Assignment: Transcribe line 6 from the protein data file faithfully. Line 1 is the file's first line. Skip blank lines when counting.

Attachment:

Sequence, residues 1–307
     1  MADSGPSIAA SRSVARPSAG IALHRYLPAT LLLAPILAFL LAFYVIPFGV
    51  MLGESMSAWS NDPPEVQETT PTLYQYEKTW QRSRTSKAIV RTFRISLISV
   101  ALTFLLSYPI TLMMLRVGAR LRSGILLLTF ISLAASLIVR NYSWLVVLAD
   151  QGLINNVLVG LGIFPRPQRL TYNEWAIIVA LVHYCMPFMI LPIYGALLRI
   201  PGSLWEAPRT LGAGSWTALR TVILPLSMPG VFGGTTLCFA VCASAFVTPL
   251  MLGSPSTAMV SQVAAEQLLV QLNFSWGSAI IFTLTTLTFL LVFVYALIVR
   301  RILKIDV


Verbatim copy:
   201  PGSLWEAPRT LGAGSWTALR TVILPLSMPG VFGGTTLCFA VCASAFVTPL